I have long loved Jane Kenyon's poem "Otherwise." Read it here.
Kenyon catalogs the simple actions of an ordinary day with sensuous imagery. She stands on "two strong legs," eats a "ripe, flawless peach." At noon lies with her mate, eats dinner "at a table with silver candlesticks."
Her poem is both a study in the pleasures of the moment and--in the final line--a gut-punch reminder of life's brevity.
I thought of Kenyon's poem as I biked home from my mother-in-law's on this perfect September afternoon, reflecting on the chamois soft satisfactions of the day.
Kathy, my neighbor and dear friend of 37 years, stopped for coffee. We shared video clips of our grandbabies' antics. We commiserated over our farmer-husbands' similarities. We laughed aplenty.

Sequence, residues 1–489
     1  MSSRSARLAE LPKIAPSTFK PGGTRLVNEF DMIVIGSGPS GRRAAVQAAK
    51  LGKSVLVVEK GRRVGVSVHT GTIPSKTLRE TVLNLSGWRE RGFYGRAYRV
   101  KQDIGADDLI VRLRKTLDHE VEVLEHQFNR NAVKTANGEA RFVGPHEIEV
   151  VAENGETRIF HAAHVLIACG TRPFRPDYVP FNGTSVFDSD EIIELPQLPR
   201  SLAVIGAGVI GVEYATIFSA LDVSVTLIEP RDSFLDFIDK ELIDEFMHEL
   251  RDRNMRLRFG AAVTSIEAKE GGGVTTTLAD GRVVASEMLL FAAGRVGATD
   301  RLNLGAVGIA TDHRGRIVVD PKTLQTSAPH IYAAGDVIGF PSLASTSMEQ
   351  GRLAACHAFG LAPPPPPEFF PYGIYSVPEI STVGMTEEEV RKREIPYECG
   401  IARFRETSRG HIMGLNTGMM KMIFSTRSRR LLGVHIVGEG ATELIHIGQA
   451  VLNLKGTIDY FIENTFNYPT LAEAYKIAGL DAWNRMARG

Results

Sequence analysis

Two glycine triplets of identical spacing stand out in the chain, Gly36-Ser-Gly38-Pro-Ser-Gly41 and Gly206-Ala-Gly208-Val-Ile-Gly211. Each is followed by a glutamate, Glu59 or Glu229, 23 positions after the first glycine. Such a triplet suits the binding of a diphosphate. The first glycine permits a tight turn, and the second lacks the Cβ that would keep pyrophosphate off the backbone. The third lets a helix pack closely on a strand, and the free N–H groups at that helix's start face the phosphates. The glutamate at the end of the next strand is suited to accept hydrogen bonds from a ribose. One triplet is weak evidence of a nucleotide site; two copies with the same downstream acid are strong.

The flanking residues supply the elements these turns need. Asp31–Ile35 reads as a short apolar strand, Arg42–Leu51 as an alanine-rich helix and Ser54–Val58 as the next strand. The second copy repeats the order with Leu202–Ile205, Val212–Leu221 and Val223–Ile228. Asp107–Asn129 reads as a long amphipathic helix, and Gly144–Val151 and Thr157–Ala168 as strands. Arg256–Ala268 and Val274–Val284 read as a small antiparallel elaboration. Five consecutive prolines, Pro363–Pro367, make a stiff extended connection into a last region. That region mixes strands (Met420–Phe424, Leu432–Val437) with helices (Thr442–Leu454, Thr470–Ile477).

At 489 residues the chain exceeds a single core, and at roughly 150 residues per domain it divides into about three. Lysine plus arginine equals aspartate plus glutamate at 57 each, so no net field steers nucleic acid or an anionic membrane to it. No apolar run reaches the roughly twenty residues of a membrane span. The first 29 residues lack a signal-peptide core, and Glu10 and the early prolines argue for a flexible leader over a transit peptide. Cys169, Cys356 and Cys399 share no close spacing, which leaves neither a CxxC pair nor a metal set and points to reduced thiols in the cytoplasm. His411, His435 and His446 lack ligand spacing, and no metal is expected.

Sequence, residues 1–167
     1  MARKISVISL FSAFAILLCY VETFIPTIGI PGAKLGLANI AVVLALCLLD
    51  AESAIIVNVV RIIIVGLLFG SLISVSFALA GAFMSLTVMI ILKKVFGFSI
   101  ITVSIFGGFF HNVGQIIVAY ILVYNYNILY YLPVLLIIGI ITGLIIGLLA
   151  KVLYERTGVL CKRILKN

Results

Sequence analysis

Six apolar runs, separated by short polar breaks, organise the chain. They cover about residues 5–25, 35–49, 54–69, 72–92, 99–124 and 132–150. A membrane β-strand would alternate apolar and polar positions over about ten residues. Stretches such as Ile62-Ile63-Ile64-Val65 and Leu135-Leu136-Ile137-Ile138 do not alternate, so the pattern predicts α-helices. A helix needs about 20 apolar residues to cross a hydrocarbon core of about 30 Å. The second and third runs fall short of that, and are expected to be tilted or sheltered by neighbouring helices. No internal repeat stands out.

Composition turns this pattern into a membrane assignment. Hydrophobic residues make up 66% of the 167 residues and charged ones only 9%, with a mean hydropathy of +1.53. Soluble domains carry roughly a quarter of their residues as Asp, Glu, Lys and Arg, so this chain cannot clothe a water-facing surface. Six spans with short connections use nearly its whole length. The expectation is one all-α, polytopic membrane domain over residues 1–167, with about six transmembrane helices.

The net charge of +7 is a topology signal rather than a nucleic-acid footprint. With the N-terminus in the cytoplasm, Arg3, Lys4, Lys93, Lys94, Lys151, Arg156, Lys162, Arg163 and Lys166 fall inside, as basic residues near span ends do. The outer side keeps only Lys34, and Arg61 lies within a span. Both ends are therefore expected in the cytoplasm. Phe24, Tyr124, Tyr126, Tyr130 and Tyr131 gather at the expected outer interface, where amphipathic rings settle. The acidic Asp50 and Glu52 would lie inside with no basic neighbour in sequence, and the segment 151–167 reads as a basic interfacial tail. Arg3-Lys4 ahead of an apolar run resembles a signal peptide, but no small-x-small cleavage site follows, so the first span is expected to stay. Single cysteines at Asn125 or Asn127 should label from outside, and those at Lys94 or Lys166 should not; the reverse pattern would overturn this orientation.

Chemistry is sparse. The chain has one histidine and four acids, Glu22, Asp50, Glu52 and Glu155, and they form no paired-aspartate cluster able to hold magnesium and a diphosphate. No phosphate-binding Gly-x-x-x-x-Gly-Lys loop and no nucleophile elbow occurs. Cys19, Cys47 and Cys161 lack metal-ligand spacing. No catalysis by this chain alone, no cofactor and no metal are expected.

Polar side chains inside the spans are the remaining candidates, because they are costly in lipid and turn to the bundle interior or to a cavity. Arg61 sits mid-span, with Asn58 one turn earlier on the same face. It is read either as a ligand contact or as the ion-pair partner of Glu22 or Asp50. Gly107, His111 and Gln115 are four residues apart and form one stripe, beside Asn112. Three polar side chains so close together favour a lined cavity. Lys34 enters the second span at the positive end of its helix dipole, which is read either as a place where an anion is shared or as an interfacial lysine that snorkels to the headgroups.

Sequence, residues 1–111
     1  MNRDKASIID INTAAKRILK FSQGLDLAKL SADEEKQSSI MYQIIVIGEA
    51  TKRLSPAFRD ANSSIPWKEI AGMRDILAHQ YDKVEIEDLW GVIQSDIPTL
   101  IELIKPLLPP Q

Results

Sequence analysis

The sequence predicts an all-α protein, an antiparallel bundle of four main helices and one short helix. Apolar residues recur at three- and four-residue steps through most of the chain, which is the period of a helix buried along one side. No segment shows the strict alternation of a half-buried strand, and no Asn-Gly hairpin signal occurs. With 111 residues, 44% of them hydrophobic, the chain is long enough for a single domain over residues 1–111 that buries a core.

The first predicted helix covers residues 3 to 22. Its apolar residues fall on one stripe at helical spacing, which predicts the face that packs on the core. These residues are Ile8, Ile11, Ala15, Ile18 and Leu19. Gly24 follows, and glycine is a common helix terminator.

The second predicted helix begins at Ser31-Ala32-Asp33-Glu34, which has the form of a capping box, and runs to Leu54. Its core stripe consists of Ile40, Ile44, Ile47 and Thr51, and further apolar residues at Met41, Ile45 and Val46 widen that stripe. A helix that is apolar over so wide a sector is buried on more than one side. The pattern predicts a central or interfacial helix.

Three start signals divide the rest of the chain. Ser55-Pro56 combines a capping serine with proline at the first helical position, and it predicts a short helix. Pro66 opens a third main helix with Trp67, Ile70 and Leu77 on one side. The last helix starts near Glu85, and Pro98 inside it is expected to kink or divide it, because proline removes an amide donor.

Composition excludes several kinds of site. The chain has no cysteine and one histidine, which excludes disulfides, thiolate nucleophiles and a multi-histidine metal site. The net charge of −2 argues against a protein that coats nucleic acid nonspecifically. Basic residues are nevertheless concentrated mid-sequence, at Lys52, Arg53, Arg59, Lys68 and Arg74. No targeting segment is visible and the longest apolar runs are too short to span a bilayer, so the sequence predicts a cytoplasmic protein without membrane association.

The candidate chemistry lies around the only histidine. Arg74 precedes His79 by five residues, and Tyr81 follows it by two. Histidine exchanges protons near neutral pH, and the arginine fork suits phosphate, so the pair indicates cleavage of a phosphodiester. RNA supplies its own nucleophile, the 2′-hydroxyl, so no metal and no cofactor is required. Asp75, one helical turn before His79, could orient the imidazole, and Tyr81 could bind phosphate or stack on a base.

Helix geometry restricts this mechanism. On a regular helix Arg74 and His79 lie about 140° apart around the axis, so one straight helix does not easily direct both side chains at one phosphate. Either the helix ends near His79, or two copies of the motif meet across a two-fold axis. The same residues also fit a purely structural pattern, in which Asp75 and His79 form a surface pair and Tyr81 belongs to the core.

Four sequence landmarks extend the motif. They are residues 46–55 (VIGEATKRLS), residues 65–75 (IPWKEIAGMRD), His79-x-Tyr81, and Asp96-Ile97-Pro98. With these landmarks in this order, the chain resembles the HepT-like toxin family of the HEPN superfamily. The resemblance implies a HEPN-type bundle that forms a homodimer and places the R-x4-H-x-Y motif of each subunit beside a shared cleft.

After an indulgent Saturday nap, I played online Bridge with my dad. It went much better than last week, when his increased confusion dragged the single hand to nearly 90 minutes of struggle. Today we kept the game to 30 minutes. A win.
I then set my timer to commit to 20 minutes of school work. I clicked "reset" two more times to clock a rock-solid hour of tending to my grade book. I made a notes chart for my freshmen's writing strengths and weaknesses.
It then took me two minutes to tie my shoes and strap on my helmet. I rode my gravel bike to Dan's mom's house for accordion practice. Two years ago, we practiced with the goal of care-center concerts. The polkas we're now perfecting are for our ears only.
Tonight Dan and I tidied up a little to drive into town to eat at Rancho Grande.
We're now easing into the close of day. Dan's dozing in his chair. I'm on the sofa, reflecting on the satisfaction of a most uneventful day.
It could have been otherwise.
"How we spend our days is, of course, how we spend our lives."